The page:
Simple question about: ~
00704a-Liber
nevin1 at ihlpf.ATT.COM
Thu Jan 28 11:38:21 AEST 1988
In article <1620006 at hpcilzb.HP.COM> tedj at hpcilzb.HP.COM (Ted Johnson) writes:
.
.Could someone please explain why the following statements both give the
.same answer?
.
. short int x, y = 12;
.
. x = -y -1;
.vs.
.
. short int x, y = 12;
.
. x = ~y;
.
.
.Both ways end up assigning x the value of -13. K&R say something about
.the ~ operator taking the one's complement of a number, but I didn't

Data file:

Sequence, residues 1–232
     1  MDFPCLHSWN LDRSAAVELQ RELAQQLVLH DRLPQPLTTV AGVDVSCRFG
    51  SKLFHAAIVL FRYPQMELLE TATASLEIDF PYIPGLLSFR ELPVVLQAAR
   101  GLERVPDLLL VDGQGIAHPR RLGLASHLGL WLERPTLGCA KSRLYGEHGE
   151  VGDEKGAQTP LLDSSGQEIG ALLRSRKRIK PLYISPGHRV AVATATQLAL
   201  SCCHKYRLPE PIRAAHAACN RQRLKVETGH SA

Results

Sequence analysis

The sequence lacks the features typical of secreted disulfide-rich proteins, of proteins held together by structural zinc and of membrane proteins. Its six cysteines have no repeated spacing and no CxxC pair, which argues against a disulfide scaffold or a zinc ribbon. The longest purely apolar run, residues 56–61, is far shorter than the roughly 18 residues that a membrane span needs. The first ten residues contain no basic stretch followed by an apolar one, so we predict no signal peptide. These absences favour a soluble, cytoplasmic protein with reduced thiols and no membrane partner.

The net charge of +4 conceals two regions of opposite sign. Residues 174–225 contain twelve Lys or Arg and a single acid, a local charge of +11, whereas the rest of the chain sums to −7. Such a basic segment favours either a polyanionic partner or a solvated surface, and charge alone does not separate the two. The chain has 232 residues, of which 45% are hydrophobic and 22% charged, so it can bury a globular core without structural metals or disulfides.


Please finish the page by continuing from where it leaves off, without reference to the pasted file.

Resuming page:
.follow their explanation...
.
.P.S. This was on a machine where a short int is 16 bits.
This is because you are working on a 2's complement machine.
To take the negative of a 2's complement number, you
invert all the bits (ie, take the 1's complement of the number which is
using '~'), then you add 1 to the result.
Therefore, on a 2's complement machine, ~y +1 === -y or, as you stated,
~y === -y - 1.
This is a machine dependent feature and is NOT guaranteed to be consistent
under all implementations of C.
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